A city scene on a sunny winter day. In the background, the stone backside of Halifax City Hall. In the foreground, a pedestrian wearing a three-quarter length winter jacket, red sneakers and a white N95-style mask walks on the sidewalk. Another pedestrian behind her, wearing a red toque and blue sneakers, mounts the sidewalk. A right-turning navy SUV drives through a crosswalk behind the man.
Halifax City Hall is seen from the corner of Barrington and Duke streets on Tuesday, Dec. 14, 2021. — Photo: Zane Woodford

Halifax councillors want staff to detail the pros and cons of listing a proposed new climate action tax separately on property owners’ tax bills.

Municipal staff have recommended council approve a 3% increase to the average property tax bill to pay for climate action outlined in HalifACT 2050. It’s part of an overall proposed increase of 4.6%, or $94 for the average residential property. While the municipality presents the numbers as an increase, the tax rate would decrease from 0.813 cents per $100 of taxable assessed residential property value to 0.794 cents.

In real terms, the climate action tax is currently proposed to be 0.023 cents on every $100 of taxable assessed residential property value. The money would go into a reserve account to be used for capital projects like the purchase of electric buses and retrofitting municipal buildings to emit less carbon.

The plan, per chief administrative officer Jacques Dubé, is to list the rate separately on tax bills, the same way the municipality currently lists transit taxes, for example.

During a virtual budget committee meeting on Wednesday, Coun. Cathy Deagle-Gammon moved for a briefing note on the risks or benefits of listing it that way.

“I was of the mind that I would like to see it separated out. It’s a new initiative. It’s a big deal. If it comes, it’s the first one in Canada, I think we’ve been hearing about,” Deagle-Gammon said.

Coun. Kathryn Morse questioned the value of listing the tax separately.

“I think it sends a negative message. If we put our roads maintenance as a separate item on the tax bill, for example, I think that would make people upset,” Morse said.

“I think it just doesn’t send the right message when we’ve all agreed that HalifACT is something we need to do for the municipality.”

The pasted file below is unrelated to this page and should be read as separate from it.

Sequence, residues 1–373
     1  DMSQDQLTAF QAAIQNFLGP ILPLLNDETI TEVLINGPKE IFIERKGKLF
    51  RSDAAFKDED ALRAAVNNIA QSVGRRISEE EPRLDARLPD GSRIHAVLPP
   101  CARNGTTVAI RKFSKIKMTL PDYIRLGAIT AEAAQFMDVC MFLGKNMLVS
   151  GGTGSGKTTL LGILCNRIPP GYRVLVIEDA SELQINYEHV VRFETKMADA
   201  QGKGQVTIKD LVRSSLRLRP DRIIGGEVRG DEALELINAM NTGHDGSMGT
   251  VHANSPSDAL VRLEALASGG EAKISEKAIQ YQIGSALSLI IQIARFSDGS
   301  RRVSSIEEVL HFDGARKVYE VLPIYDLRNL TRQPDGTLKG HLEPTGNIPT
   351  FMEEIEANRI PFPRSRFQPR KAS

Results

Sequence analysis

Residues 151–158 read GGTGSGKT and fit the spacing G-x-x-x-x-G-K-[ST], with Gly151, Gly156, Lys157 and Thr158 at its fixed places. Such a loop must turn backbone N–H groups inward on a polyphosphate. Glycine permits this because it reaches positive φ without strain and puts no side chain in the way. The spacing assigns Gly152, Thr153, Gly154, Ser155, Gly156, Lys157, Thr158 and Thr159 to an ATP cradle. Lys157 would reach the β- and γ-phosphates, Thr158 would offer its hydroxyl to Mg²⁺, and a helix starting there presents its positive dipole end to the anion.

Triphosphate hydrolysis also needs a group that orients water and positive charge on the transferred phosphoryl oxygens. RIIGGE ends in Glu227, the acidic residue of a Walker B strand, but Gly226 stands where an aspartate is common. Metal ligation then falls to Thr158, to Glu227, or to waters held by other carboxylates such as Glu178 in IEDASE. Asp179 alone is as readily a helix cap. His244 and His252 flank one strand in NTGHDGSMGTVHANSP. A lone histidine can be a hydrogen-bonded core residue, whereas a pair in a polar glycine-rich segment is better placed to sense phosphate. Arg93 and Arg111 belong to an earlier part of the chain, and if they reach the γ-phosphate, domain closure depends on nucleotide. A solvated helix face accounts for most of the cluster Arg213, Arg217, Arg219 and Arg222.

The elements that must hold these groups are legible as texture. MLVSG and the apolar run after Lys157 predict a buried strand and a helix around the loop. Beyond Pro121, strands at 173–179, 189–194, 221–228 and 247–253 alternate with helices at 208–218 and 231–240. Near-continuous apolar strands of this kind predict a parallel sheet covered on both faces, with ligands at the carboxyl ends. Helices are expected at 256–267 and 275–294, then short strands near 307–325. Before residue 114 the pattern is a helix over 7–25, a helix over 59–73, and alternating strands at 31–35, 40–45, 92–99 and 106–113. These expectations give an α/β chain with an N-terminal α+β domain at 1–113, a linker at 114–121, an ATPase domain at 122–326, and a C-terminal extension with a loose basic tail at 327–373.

Deputy Mayor Pam Lovelace made similar comments at a budget committee meeting last week.

Chief financial officer Jerry Blackwood said it’s up to council whether they want to do so, but he argued other services have been around a long time, while this one is new.

“When you look at HalifACT, it’s a bold strategy. We’re investing in climate change. It’s bold, it’s strategic,” Blackwood said.

“It’s transparent. People see the council, the city is being bold and we are investing in climate change, but it is optional. It can certainly be rolled up into the general rate and that is council prerogative if they choose to do that.”

At the start of Wednesday’s meeting, one public speaker, Céo Gaudet, argued council should scrap the idea and instead ask the province to let it charge extra gas tax in HRM. He said two cents per litre would raise the same amount of money as the proposed property tax, about $17 million annually.

“Carbon is the thing we want to reduce, so it makes sense to tax it,” Gaudet said.

It would also provide an incentive for Haligonians to drive less, Gaudet argued, while the current proposal would charge property owners more if they made their homes more valuable by making them more energy efficient.

HRM has no authority to charge that tax, and would have to convince the provincial government to allow it and let the municipality have the proceeds.

Coun. Trish Purdy, who’s been voting against the climate action tax and expressed doubt in HRM’s ability to mitigate climate change, supported the idea of an extra gas tax for Haligonians.

“Maybe this was considered by staff, but if it hasn’t, it needs to be,” Purdy said.

“We should not leave any stone left unturned looking for collaborations and funding sources outside of our homeowners and small businesses.”

Deagle-Gammon’s motion for a briefing note passed, so councillors will debate whether to list the line item separately at a future budget committee meeting.

During Wednesday’s meeting, councillors approved budgets for three business units — the chief administrative officer’s office, corporate and customer services, and the auditor general’s office. On Friday, it meets again to consider budgets from the legal, finance, HR and IT departments.

The budget building process is scheduled to wrap up in mid-April, when councillors approve the 2022-2023 budget.


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Zane Woodford

Zane Woodford is the Halifax Examiner’s municipal reporter. He covers Halifax City Hall and contributes to our ongoing PRICED OUT housing series. Twitter @zwoodford

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  1. ” Coun. Kathryn Morse questioned the value of listing the tax separately. “I think it sends a negative message. If we put our roads maintenance as a separate item on the tax bill, for example, I think that would make people upset,” Morse said. ”
    Dumb as a bag of hammers. Roads are essential for cyclists,transit,ambulances,fire trucks, police vehicles.